Bicycle Lane Accidents
Bicycle Lane Accidents
Top-Rated Boston Bicycle Accident Lawyers
Over the years, Boston and Cambridge have developed impressive networks of bicycle lanes. Years ago, the cities painted traditional conventional bike lanes. Now, both cities have also added protected bike lanes in many areas (also called separated bike lanes or cycle tracks). These separate the bike lane from traffic with curbing, raised pavement, bollards, flex posts, landscaping or a row of parked cars.
The new bike lanes are designed to protect cyclists, but drivers must still do their part to prevent bicycle accidents and injuries. This means checking for cyclists in bike lanes and intersections, and staying out of the bike lane. Under M.G.L. c. 89, § 4D, the operator of a motor vehicle shall not stand or park the vehicle upon an on-street path or lane designated by an official sign or marking for the exclusive use of bicycles, except in a case of emergency. If a driver does so, they can face a traffic citation and fines.
More important, if you have been injured by a driver in the bike lane, you may be entitled to seek financial damages, including medical expenses, lost wages and pain and suffering. Consult an attorney promptly if you are in this situation. An attorney can launch an immediate investigation to document the motor vehicle violation, including canvasing for video surveillance from nearby buildings.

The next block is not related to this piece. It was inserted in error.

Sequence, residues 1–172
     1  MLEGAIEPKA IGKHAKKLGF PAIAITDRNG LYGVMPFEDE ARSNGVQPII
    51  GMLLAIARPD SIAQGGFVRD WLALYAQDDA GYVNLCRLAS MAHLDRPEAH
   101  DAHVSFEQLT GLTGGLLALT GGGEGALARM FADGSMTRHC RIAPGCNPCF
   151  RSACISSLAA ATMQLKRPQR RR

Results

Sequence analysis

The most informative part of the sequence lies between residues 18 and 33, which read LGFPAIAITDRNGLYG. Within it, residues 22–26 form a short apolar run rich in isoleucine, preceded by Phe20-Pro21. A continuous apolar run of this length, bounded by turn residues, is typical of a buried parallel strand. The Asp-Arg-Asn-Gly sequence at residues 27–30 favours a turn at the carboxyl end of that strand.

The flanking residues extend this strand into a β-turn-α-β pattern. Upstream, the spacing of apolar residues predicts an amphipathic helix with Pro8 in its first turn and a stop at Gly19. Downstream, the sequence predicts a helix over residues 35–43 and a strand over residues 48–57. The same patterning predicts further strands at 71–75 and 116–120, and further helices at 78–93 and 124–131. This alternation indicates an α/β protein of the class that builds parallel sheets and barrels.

Bike Lanes in Boston and Cambridge
In Boston, you will find more than 60 miles of bike lanes, including conventional lanes and now single and two-way protected bike lanes. You can find protected bike lanes all over, running past Christopher Columbus Park into the North End, along the Longfellow Bridge and along Commonwealth Avenue in Back Bay, a multi-phase road improvement project.
Cambridge has also started to install separated bike lanes. One was deployed on Lafayette Square near Sydney and Douglass streets, according to Wicked Local Cambridge. Separated bike lanes can also be found near Harvard Law School. The City of Cambridge wants to do more though. In 2019, the Cambridge City Council passed a safety ordinance which requires new permanent separated bike lanes be built when roads are upgraded. This could lead to a 20-mile network of permanent separated bike lanes.
Research on Bike Lanes
In 2019, the Institute for Highway Safety (IIHS) reported on two studies focusing on the effectiveness of protected bike lanes, compared to conventional bike lanes.
At the University of Colorado Denver and University of New Mexico, researchers confirmed that protected bike lanes are an important safety tool. They reported that cities with more protected bike lanes per square mile have fewer fatalities and serious injuries. But after studying cyclists in Washington D.C., the researchers advised cities to locate protected bike lanes on roads with fewer junctions or to use raised cycle crossings.